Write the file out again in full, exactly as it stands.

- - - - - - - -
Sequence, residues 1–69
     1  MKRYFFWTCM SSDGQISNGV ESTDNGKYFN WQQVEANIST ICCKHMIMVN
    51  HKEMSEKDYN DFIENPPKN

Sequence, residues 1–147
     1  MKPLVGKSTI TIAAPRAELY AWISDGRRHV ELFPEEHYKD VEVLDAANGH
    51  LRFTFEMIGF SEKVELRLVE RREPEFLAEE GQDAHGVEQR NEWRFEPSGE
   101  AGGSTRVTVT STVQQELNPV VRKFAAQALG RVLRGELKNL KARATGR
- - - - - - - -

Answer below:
Sequence, residues 1–69
     1  MKRYFFWTCM SSDGQISNGV ESTDNGKYFN WQQVEANIST ICCKHMIMVN
    51  HKEMSEKDYN DFIENPPKN

Sequence, residues 1–147
     1  MKPLVGKSTI TIAAPRAELY AWISDGRRHV ELFPEEHYKD VEVLDAANGH
    51  LRFTFEMIGF SEKVELRLVE RREPEFLAEE GQDAHGVEQR NEWRFEPSGE
   101  AGGSTRVTVT STVQQELNPV VRKFAAQALG RVLRGELKNL KARATGR